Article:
Plan your edges no matter what. Skinny tiles at corners just look hack. You can’t not stare at it, I swear. I also had a bad reaction to whole tile + exactly half tile vertical copies. It looked weird to my eye, though most people aim for this, the vertical pattern it created was too much of a focus for my eye. I had to force a different transition. (after knowing this, I then researched how to properly turn a corner and figure out if grout, or caulk, or neither on top of t
ile was best!)
It helps to have a long level to get your initial tile lines even and to start, but it helps to have a small level to check wonky tiles as you set them. I literally checked each and every tile. I used spacers but at weird junctions and cuts, I couldn’t always use them and had to approximate the tile, pressing it on and then checking its straightness compared to the preceeding tile. I have to say, there is something satisfying to you to have your spacers plug in perfectly and not fall out. Daltile brand has some built in mm or so of spacing at the edges so you should be mindful of where you put your spacers so it’s not a false sense of security.
Do you have an area to practice where no one will see your shame? I’m serious. Thankfully, we have a fridge that ended up blocking the whole interior 1/4 of wall. Behind here was my slow and brutal grouting attempts, then epiphany, then fixed mistakes and underworked tile cleaning.
Have a capable helper who can either lay tile or clean your water cut complicated tiles with a wet saw (if you have electrical outlets, wall trim, window edges to go around). The person who tiles can do also do simple slices with a manual cutter. The wet tile saw needs to be outside unless you want water + ceramic spray, white footprints on floors to clean up. We had a screed door handle to clean but not much else. My husband and I take our shoes off in the house, so this reduced grimy clean up. The manual cutter was fine indoors. You also need a wax pencil or something to make marks on your tile to measure and cut. I saw a blogger using blue tape and tat seemed like a great solution. You can use a Sharpie pen only if you can draw on the back and edges without touching the glazed tile. You can clean the ink, but I tried to avoid it, though my husband used that the most. Maybe it was because he was cutting tile in the dark. At 10, we stopped using the tile cutter out of respect for our neighbors. It was Saturday night and
we were exhausted.
The person tiling can also be the tile cleaner or if the other person is jobless, they ca
n clean the hazing off the tile.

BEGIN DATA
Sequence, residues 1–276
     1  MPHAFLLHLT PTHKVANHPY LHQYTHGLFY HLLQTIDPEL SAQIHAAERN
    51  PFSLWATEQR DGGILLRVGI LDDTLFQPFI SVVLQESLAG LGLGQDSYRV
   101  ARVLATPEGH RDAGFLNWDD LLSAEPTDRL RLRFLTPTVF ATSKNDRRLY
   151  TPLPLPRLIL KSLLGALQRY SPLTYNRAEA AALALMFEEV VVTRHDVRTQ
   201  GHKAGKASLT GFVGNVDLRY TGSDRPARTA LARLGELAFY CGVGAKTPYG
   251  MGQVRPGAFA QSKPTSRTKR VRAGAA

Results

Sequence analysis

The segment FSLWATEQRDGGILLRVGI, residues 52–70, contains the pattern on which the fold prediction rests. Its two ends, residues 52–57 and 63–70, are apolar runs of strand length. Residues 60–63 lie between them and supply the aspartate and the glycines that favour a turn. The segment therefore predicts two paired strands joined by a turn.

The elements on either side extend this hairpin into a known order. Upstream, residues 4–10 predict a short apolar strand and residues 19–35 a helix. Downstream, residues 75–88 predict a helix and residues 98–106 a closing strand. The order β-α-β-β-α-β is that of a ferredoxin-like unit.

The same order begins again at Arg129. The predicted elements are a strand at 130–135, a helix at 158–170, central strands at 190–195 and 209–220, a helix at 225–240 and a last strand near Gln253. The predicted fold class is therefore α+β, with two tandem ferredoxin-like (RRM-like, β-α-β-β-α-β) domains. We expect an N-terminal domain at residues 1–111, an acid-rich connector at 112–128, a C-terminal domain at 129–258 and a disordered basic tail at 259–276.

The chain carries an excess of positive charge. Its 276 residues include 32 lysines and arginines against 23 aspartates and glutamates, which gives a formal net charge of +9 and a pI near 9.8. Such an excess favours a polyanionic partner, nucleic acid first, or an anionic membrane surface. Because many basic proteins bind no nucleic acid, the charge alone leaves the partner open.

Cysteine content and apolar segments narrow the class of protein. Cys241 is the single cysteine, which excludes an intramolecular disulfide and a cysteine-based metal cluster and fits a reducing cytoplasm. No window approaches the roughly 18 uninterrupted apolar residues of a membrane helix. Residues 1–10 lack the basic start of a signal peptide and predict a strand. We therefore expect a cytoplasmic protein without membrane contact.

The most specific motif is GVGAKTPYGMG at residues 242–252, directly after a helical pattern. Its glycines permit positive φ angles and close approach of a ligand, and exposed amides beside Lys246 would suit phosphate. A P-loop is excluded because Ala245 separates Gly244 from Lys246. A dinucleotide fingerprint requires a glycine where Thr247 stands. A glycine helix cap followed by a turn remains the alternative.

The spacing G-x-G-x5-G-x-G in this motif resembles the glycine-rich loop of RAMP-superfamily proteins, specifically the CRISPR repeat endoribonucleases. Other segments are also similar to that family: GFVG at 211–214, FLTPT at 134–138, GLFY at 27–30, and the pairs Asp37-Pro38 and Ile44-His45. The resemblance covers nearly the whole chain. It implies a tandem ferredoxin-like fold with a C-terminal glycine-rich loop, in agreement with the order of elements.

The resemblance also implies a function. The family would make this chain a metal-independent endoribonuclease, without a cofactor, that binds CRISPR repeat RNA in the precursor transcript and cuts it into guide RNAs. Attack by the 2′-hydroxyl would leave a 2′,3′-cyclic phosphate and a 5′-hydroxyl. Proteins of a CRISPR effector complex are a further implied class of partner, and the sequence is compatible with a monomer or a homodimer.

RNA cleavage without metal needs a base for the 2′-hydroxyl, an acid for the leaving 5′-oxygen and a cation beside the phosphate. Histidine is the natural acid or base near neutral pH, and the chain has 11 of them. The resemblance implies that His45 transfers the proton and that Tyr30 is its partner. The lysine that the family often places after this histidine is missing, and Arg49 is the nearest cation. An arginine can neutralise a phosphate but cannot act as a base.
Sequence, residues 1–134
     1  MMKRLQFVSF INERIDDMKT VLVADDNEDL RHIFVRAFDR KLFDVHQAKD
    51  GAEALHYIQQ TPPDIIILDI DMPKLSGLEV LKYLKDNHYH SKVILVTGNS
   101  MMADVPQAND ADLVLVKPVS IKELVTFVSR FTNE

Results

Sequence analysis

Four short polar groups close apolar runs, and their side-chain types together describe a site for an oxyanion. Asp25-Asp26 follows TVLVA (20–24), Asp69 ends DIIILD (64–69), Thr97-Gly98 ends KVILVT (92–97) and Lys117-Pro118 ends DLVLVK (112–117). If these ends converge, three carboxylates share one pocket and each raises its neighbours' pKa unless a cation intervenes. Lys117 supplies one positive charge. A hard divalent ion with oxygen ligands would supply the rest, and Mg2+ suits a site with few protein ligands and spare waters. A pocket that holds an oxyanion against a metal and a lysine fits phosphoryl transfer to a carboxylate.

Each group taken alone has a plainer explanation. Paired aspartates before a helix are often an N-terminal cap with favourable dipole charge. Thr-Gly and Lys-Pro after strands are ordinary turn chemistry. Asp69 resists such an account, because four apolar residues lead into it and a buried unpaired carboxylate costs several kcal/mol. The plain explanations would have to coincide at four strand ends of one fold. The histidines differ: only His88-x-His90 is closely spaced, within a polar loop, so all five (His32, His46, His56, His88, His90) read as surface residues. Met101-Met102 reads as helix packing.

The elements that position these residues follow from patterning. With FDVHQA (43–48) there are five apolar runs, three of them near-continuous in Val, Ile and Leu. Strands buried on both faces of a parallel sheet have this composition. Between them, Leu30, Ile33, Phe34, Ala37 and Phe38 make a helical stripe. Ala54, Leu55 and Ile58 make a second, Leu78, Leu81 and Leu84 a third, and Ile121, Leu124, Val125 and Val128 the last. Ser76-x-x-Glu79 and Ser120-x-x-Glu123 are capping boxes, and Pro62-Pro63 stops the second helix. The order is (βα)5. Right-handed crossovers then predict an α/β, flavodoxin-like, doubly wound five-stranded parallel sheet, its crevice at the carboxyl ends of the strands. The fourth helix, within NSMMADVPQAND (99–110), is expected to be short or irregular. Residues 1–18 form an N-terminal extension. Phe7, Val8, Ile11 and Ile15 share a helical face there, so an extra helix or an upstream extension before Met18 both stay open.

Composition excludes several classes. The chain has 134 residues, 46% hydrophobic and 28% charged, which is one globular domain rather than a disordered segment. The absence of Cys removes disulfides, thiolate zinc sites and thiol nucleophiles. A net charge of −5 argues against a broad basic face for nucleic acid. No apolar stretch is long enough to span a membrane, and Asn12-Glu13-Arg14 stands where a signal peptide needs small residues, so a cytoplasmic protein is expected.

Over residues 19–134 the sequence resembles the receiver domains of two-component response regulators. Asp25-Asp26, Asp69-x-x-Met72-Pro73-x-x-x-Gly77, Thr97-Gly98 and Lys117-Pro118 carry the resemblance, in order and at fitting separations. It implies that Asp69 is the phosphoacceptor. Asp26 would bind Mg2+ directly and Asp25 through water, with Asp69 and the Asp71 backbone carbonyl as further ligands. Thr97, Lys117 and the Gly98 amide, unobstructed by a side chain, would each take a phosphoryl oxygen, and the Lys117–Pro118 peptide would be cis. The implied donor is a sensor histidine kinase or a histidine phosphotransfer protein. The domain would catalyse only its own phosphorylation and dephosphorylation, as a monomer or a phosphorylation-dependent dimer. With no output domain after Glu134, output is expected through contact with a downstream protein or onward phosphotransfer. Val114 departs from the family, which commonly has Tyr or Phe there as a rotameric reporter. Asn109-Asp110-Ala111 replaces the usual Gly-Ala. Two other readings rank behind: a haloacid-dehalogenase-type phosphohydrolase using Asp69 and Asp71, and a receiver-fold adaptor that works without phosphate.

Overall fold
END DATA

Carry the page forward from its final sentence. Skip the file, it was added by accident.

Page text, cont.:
What I found was that the premixed thinset was time sensitive (for the time of year and weather we were having) and needed to be installed rather instantly. It is summer and the fan was on high and the windows were all open. You couldn’t add more water to this, so it’s not forgiving in that sense. Once I started installing tile, I couldn’t really stop, because if I had a few inches of prepped wall, unless I wanted to scrape off drying thinset, which hardened pretty quickly in the dry heat, I had to butter tile to keep everything neat and even. Buttering tile is not unlike peanut buttering bread. You can’t just pile a bunch in the middle and smear the edges thinly, you will have a goey center and bready crust. The buttering needs to be even and you should trowel every tile. Otherwise, the tile won’t stick evenly or spooge and be on a different plane / lower or higher than the adjacent tile. I earned this AFTER installing half a wall and noticing some tiles sort of at different heights casting weird shadows from the ceiling light.
Clean often and don’t let your tools dry and cake up. Your notched trowel is your friend. You may want a putty knife , too, just to help scrape and not waste the precious goo. I had a bucket of just dirty water to rinse and clean off my tools. The other bucket was for rinsing my giant sponge which became my best friend during the grout phase.
Wait. Are you done yet? Of course not. You need 24 hours to dry and set! Wait, we haven’t even grouted yet. Are you grouting the transition to the counter or caulking it? Whichever it is should wait til your done with everything and let another 24 hours pass. In the meantime, clean up your mess as best as you can so you’re not working in a caked up crumbly environment with tools everywhere.
The best sponge I used was a really durable plastic mesh encased sponge that seemed impervious to the thinset’s gritty texture that shredded my Mr Clean sponge. You need to get this sponge before grouting because during grouting / cleaning as you go, you need to get excess grout off your glazed tile. It’s a heavy duty scrubber, but enclosed in a mesh plastic layer.
I found working with a calm mind and small patches worked best for me. Also, moving sort of quickly worked better than being slow and careful. Slow and
careful was tedious and inconsistent.
A little speed and using a damp sponge to wipe smooth the grout made sense. The premixed grout was dry and sandy feeling and dried hard in granular patches. Once dry, I needed a putty knife to dislodge the grout. This grout recommended moistening the tile with a damp sponge before applying grout. I didn’t get it, but the water adds a layer of slippery surface that helps smooth the grout between tiles. Placing a 1/4 cup of grout on a corner of the float (rectangular rubber, spatula, I called it) you swipe against the space between tiles at a 45 degree angle so it catches the tile edges and sticks, but isn’t forced into the deep openings and pulling away air as you finish the swipe. You want pancake, not waffle.